24. Jermann, Urban J., 1998. "Asset pricing in production economies," Journal of Monetary Economics, Elsevier, vol. 41(2), pages 257-275, April.
  25. Schularick, Moritz & Taylor, Alan M., 2009. "Credit Booms Gone Bust: Monetary Policy, Leverage Cycles and Financial Crises, 1870-2008," CEPR Discussion Papers 7570, C.E.P.R. Discussion Papers.
  26. Tauchen, George, 1986. "Finite state markov-chain approximations to univariate and vector autoregressions," Economics Letters, Elsevier, vol. 20(2), pages 177-181.
  27. Eisfeldt, Andrea L. & Rampini, Adriano A., 2006. "Capital reallocation and liquidity," Journal of Monetary Economics, Elsevier, vol. 53(3), pages 369-399, April.
  28. Gertler, Mark & Karadi, Peter, 2011. "A model of unconventional monetary policy," Journal of Monetary Economics, Elsevier, vol. 58(1), pages 17-34, January.
  29. Shleifer, Andrei & Vishny, Robert W, 1992. " Liquidation Values and Debt Capacity: A Market Equilibrium Approach," Journal of Finance, American Finance Association, vol. 47(4), pages 1343-66, September.
  30. Imbs, Jean, 2010. "The First Global Recession in Decades," CEPR Discussion Papers 7973, C.E.P.R. Discussion Papers.
  31. Carmen M. Reinhart & Kenneth S. Rogoff, 2009. "This Time Is Different: Eight Centuries of Financial Folly," Economics Books, Princeton University Press, edition 1, volume 1, number 8973.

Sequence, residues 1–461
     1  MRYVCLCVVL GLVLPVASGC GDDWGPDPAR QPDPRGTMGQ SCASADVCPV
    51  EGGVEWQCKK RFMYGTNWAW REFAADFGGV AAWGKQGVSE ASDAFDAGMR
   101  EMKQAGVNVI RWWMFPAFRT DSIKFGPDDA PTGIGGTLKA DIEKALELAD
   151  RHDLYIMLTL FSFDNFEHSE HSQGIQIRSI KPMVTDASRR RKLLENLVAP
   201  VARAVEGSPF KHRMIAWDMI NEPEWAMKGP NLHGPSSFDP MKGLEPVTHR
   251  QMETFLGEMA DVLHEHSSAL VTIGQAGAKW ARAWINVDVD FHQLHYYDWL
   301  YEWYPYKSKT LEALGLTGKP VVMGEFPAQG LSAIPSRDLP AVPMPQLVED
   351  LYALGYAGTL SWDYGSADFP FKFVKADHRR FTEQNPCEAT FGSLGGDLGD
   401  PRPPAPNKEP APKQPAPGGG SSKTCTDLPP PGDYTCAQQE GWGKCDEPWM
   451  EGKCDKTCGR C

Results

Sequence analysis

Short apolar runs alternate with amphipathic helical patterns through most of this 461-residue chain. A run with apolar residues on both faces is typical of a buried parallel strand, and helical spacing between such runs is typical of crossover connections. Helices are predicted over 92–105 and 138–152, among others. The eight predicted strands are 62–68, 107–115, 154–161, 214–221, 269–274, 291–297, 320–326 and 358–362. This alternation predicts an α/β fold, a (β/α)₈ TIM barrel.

Full references (including those not matched with items on IDEAS)

Citations

Blog mentions

As found by EconAcademics.org, the blog aggregator for Economics research:
  1. Game Thoery and Macroeconomics
    by paragwaknis in Musings of the Sorts on 2012-07-16 18:42:41
Citations are extracted by the CitEc Project, subscribe to its RSS feed for this item.
as in new window

Cited by:
This item has more than 25 citations. To prevent cluttering this page, these citations are listed on a separate page.

Lists

This item is not listed on Wikipedia, on a reading list or among the top items on IDEAS.

Statistics

Access and download statistics

Corrections

When requesting a correction, please mention this item's handle: RePEc:nbr:nberwo:17201. See general information about how to correct material in RePEc.

For technical questions regarding this item, or to correct its authors, title, abstract, bibliographic or download information, contact: ().

If you have authored this item and are not yet registered with RePEc, we encourage you to do it here. This allows to link your profile to this item. It also allows you to accept potential citations to this item that we are uncertain about.

If references are entirely missing, you can add them using this form.

If the full references list an item that is present in RePEc, but the system did not link to it, you can help with this form.

If you know of missing items citing this one, you can help us creating those links by adding the relevant references in the same way as above, for each refering item. If you are a registered author of this item, you may also want to check the "citations" tab in your profile, as there may be some citations waiting for confirmation.

Please note that corrections may take a couple of weeks to filter through the various RePEc services.